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Celebrating American Agriculture: All USDA Foods are Local to Someone

March is National Nutrition Month. Throughout the month, USDA will be highlighting results of our efforts to improve access to safe, healthy food for all Americans and supporting the health of our next generation.

Fish and fowl, sowing and reaping, nutrition and agriculture… certain words and concepts naturally go hand in hand, and March is a month to celebrate both the foundation and purpose of the American food system. With March designated as National Nutrition Month and March 15 as National Agriculture Day, the time is ripe to reflect on healthy eating goals and to express gratitude for the farmers, fishers, and ranchers who provide the foods to fuel our nation.

USDA’s Food Distribution Programs work at the intersection of nutrition and agriculture. Each year, USDA purchases more than 2 billion pounds of food worth nearly $2 billion from American farmers and distributes the food to schools, food banks, Indian Tribal Organizations, disaster feeding organizations, and other charitable institutions and feeding organizations. The programs benefit both ends of the food chain by supporting local agriculture and the economy while also providing a nutrition safety net for vulnerable Americans.

A Peach of a School Meal Alternative

An increasing number of our nation’s schools are using locally grown foods for school meals thanks to efforts of The USDA Farm to School Program. However, the availability of locally grown produce is often at the mercy of harsh weather conditions and other elements that lower production and cause shortages of popular food items.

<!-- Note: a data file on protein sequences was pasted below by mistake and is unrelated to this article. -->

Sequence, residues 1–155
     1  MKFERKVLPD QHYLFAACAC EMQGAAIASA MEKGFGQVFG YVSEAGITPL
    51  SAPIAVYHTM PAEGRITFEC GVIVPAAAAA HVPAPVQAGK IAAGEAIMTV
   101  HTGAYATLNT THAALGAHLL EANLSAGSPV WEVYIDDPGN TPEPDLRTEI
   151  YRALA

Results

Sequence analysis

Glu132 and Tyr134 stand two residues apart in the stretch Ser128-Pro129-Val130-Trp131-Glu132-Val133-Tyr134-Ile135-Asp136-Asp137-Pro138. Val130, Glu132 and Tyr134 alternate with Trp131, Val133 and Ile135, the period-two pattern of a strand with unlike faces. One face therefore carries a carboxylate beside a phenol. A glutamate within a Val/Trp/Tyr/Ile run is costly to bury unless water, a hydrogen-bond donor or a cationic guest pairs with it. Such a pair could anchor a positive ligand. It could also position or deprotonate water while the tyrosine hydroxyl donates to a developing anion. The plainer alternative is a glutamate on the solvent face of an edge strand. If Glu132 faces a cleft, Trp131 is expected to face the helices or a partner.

Florida has experienced this challenge first-hand. A disease called citrus greening has already caused millions of dollars in damage to Florida’s orange crop.  USDA scientists have been actively engaged in research to eradicate the disease, but the fruit, a favorite of school children, is now less available than in the past. The Florida Farm to School team is working with Florida Classic Growers to provide a new fruit alternative for school menus while also assisting fruit growers hit by damage to their orange crop.

By Lindsey Grubbs, Florida Farm to School and WIC Farmers Market Nutrition Program Director, Florida Department of Agriculture and Consumer Services

The Florida Department of Agriculture and Consumer Services and the Florida Farm to School Program took on a new project this year in conjunction with citrus growers focused on a new product in Florida: peaches! The Florida citrus industry has been experiencing difficulties recently with the spread of citrus greening. Citrus greening was discovered in Florida in 2005 and since taken a toll on the area’s orange groves.

2012 Census: A Snapshot of Peach State Agriculture

The Census of Agriculture is the most complete account of U.S. farms and ranches and the people who operate them. Every Thursday USDA’s National Agricultural Statistics Service will highlight new Census data and the power of the information to shape the future of American agriculture.

Georgia may be known as the peach state, but as the 2012 Census of Agriculture results showed, in reality we are ranked 3rd in total peach acreage. The census results also showed, that just like our agricultural producers, Georgia agriculture is very diverse.

In addition to harvesting thousands of acres of peaches, Georgia farmers also now lead the United States when it comes to chickens. When I say ‘chickens’, I mean ‘broilers and other meat type chickens’, which is what you buy when you purchase chicken at the local grocery store, or what you eat when you get a chicken sandwich at your favorite fast food restaurant. When it comes to these birds, Georgia had more than 235 million, more than in any other state. Poultry producers sold 1.37 billion broilers in 2012. That is more than 4 chickens for every man, women and child in the country, based on 2010 Population Census numbers.